From your tattoo portfolio you seem to gear a lot of your art towards the Japanese style; have you always been drawn to that style?
I always appreciated Japanese artwork. I think it really started making sense after about 10 years in the industry. I started doing much larger pieces and was real focused on the flow and the way a piece works with the entire body. Japanese artwork and tattoo thinks about the overall appearance. If my subject matter is not Japanese it will have to flow and foundation behind it.
You have been a consultant of one of my favorite movie franchises, The Hangover. You were responsible for the scene in where Stu gets the famous “Mike Tyson” face tattoo; how was it working ib a movie set vs a tattoo studio?
HA HA! Well we did not actually do the face tattoo, the makeup artists did the application. My job was to supply the background art and all the stencils that hung on the walls. They used some paintings as well. During the end credits of the movie you can really see my art. We also set dressed the onset tattoo studio. Everything from creating the correct tattoo station set up to the perfect color of the green soap. It’s crazy how fast these prop designers and set designers work. It’s like lightning speed to get ready for the shoot. The director Todd Phillips randomly stopped in to meet us and check out the set. It was a very cool experience.
If you could be tattooed by any artist who would it be and what would you get?
I think I would enjoy going to Italy and getting work from Andrea Pallocchini. I’ve visited Italy before and would love to see more. Also Peter Lagergren in Sweden. Half my family is from there so I feel like a trip to the motherland would be cool. Both their art is amazing. I would really see what they are currently into and give them a piece of my skin.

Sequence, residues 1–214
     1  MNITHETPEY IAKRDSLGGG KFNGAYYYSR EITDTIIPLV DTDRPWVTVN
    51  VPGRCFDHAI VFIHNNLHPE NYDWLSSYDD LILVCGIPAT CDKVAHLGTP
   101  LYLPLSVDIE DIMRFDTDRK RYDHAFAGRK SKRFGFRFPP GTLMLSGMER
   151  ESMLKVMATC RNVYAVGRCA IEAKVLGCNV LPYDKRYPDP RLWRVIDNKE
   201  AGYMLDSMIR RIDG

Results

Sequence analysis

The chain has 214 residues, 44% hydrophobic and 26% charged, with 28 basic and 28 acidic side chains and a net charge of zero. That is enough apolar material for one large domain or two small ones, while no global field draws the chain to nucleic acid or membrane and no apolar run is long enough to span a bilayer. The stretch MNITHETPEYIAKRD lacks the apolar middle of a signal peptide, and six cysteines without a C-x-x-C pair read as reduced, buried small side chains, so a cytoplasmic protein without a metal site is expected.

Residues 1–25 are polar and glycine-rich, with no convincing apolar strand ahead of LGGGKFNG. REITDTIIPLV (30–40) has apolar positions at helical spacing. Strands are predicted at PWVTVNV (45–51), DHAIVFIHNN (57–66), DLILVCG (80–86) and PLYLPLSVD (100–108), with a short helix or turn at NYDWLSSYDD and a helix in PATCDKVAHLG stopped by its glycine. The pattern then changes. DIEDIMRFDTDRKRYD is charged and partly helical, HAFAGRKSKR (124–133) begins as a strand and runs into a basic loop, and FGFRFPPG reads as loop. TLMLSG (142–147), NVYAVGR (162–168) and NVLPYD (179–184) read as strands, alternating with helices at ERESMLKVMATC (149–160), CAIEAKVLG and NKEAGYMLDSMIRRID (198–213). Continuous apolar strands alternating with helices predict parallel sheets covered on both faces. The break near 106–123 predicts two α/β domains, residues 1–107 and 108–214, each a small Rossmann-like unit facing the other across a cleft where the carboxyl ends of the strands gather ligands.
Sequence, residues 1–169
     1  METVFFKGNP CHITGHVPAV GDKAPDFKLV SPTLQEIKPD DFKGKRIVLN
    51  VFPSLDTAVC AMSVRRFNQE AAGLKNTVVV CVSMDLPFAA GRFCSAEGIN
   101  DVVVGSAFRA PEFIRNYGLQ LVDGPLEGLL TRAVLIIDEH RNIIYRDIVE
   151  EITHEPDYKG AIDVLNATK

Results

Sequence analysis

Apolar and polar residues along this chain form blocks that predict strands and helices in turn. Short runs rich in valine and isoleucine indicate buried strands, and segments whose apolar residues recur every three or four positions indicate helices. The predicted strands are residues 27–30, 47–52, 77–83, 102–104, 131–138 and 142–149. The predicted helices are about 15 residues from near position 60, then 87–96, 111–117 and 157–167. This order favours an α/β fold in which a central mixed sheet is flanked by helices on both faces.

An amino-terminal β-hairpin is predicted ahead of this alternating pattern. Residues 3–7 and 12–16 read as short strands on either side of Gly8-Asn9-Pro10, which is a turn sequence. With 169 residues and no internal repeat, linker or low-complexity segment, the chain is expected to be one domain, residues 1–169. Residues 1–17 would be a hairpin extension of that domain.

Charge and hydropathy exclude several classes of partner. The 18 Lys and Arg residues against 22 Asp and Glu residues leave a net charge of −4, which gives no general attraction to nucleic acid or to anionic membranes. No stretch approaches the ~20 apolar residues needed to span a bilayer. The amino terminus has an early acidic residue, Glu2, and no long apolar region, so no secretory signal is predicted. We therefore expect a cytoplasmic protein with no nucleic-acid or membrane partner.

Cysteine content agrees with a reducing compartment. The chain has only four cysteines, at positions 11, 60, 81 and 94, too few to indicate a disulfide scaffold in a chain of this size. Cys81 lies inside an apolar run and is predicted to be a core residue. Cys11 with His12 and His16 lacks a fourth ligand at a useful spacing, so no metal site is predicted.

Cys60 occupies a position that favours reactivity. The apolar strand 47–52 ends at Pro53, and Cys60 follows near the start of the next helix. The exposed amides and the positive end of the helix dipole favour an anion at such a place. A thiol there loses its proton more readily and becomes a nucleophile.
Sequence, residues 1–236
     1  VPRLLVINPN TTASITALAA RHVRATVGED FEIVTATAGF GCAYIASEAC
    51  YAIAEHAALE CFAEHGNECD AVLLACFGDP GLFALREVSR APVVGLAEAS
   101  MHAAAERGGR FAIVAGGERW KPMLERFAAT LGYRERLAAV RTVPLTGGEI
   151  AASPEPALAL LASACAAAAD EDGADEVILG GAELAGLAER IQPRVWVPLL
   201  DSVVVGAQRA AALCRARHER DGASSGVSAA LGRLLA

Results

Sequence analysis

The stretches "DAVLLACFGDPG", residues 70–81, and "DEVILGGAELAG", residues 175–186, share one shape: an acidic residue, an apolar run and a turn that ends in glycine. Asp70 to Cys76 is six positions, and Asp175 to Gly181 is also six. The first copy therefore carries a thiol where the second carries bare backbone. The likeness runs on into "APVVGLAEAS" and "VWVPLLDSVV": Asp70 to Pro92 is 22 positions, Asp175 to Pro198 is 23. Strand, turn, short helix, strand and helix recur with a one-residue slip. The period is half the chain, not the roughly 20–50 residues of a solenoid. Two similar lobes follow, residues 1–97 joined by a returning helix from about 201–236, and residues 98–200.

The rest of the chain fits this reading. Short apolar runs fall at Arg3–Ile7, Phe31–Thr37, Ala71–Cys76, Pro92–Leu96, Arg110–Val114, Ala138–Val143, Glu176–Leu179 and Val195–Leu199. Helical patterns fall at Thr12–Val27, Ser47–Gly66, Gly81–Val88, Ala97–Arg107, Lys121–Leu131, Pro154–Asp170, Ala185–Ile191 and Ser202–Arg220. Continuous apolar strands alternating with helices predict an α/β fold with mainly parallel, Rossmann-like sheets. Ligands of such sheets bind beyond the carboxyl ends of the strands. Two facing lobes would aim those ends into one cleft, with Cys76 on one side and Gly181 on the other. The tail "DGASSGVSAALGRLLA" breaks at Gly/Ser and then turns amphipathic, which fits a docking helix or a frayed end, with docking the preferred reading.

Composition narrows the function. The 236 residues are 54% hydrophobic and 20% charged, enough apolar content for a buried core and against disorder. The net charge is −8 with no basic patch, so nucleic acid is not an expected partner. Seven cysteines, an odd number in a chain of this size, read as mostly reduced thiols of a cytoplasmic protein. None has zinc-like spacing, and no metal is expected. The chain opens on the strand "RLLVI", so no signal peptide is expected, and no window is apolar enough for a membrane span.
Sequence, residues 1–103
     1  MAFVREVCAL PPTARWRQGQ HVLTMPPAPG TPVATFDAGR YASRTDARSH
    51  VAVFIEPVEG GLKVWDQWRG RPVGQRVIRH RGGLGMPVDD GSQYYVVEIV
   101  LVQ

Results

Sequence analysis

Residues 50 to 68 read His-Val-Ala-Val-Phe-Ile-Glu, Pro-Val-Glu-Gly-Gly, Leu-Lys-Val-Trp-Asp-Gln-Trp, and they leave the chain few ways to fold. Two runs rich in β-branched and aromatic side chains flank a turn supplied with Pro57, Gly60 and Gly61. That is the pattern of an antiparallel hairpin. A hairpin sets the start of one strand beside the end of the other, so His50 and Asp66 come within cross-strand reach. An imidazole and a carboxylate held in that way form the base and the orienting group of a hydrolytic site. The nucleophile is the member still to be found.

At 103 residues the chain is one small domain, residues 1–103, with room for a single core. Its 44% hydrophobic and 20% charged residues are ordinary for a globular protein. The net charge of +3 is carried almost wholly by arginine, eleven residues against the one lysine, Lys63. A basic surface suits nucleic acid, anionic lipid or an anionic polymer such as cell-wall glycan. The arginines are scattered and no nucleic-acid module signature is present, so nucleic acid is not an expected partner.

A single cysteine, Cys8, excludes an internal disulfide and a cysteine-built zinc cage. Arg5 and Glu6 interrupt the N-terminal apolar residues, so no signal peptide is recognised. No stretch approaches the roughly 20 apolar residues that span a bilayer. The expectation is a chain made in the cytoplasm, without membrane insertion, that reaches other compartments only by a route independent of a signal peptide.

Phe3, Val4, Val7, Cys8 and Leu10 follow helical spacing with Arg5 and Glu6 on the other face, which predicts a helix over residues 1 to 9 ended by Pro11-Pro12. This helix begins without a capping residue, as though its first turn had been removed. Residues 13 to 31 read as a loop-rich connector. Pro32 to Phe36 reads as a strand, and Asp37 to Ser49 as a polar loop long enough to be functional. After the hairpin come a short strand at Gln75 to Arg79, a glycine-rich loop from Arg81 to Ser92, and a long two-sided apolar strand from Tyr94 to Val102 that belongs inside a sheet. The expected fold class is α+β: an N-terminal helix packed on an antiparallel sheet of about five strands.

Do you attend any tattoo shows or conventions? If so which are you planning to attend?
I am really looking to do a few more conventions next year (2016). I’ve been looking for something new, maybe a convention in another country. If anyone has some good recommendations please hit me up. I have enjoyed the West Coast area for a while. I would like to see other places.
What can we expect from you in the future?
Some of my current large scale projects will get finished over the next year. A couple of years in the making on some. My other passion is oil painting, I am working hard to create more painting time and committing to a larger solo show next spring.
We know you currently have a wait list for appointments but what is the best way for someone to book an appointment with you?
I have gotten to the point where I can’t take everything on. About 30 new projected a year is my limit. It’s consistently a solid 6 month wait to start so definitely book early. If you like my work and are open to ideas and letting me be creative then we definitely should do a consult and setup an appointment. My email is email@example.com and my website is http://sierracolt.com. Let me know your idea and the area you are interested in working on. If you are out of state we can “face time” a consult as well.
~ ☠ AnoTat2 ∴